Monday’s drills, which are taking place far south of the tense maritime border with the North, include anti-submarine, live-fire drills, aerial bombing and maritime defensive and offensive warfare drills, the JCS official said.
“Being that these operations are in the international waters west of the Korean Peninsula certainly demonstrates the resolve that we have to mutual deterrence of the Republic of Korea,” U.S. Rear Adm. Dan Cloyd, commander of the George Washington carrier strike group, told reporters aboard on the aircraft carrier, according to a pool report.
“But it is also to improve the substantiality, interoperability and readiness of both of the Republic of Korea and U.S. forces and our collective commitment of security and stability here in the Asia-Pacific region,” Cloyd said.
South Korean Rear Adm. Lee Bum-lim said, “The purpose of these drills is aimed at sending a strong message of warning that we will not sit idle over any types of military provocations from North Korea.”
Crew members work on the deck of the USS George Washington during naval drills with South Korea on Nov. 29. (Yonhap)
Aircraft from the U.S. supercarrier the USS George Washington conducted a live-ammunition exercise to shoot mock targets in waters, while Aegis destroyers from the allies honed their capabilities to detect and destroy “hundreds of targets” over the sky, according to JCS officials.
“Destroyers also trained in a scenario in which they were to detect enemy aircraft and fire guided missiles to intercept them,” said the JCS official.
Concerned by signs that North Korea may stage another provocation during the drills, South Korea’s military has said it is closely monitoring the movements of the North’s armed forces.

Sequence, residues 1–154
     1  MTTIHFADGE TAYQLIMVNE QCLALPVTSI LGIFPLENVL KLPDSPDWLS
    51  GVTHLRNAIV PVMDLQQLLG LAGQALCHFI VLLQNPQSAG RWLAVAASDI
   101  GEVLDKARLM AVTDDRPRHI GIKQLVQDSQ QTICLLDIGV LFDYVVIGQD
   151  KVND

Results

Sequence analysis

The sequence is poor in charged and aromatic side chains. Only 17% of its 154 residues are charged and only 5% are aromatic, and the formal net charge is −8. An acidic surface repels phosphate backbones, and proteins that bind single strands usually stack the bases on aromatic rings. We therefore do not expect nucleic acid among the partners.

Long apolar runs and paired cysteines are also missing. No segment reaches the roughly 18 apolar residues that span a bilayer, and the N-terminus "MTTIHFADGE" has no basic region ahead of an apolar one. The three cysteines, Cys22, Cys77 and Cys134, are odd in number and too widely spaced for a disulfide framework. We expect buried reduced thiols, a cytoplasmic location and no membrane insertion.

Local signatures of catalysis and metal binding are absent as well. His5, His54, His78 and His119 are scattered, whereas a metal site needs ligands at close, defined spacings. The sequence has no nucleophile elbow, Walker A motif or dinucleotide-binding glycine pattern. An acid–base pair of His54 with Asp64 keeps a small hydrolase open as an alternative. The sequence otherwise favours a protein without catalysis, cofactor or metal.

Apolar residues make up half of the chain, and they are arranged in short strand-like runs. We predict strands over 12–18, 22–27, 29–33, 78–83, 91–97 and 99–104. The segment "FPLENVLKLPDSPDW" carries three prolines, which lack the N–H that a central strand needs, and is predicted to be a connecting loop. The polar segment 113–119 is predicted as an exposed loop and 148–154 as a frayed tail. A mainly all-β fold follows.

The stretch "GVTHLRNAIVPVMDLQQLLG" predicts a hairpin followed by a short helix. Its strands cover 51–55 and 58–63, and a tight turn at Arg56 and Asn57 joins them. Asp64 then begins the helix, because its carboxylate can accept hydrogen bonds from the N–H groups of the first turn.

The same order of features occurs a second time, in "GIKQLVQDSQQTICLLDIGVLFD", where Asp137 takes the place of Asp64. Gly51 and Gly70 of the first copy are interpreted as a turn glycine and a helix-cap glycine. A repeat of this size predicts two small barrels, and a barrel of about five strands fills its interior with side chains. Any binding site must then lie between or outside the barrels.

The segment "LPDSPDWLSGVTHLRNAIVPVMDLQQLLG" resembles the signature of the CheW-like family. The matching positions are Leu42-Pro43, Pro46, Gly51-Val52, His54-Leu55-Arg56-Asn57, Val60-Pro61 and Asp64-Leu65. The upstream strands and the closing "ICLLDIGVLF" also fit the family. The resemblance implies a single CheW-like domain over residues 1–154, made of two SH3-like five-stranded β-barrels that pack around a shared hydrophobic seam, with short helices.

Following the attack on Yeonpyeong, North Korea deployed SA-2 surface-to-air missiles near the Yellow Sea border. The North also placed other missiles on launch pads, including Samlet and Silkworm missiles, according to a military source.
One day after the North’s attack, South Korea and the U.S. announced the drills, which were planned as a warning after North Korea torpedoed a South Korean warship, the Cheonan, in March. Forty-six sailors were killed by the torpedo attack near the Yellow Sea border.
North Korea justified its artillery strike on Yeonpyeong as a “self-defensive measure” against a South Korean military exercise near the island, the usual logic its regime has used as an excuse for past shellings into the waters across the maritime border.
In the joint naval drills, the 97,000-ton USS George Washington, which carries more than 6,000 sailors and 75 fighter jets, is supported by a number of U.S. warships, including the 9,600-ton USS Cowpens, the USS Lassen, the USS Stethem and the USS Fitzgerald.
South Korea has deployed a 7,600-ton guided-missile Aegis destroyer, the Sejong the Great, along with two 4,500-ton destroyers, frigates and anti-submarine aircraft, according to JCS officials.
Also taking part in the drills are eight F-16C Fighting Falcons, four A-10C Thunderbolt II, four F-15Ks and four KF-16s. (*)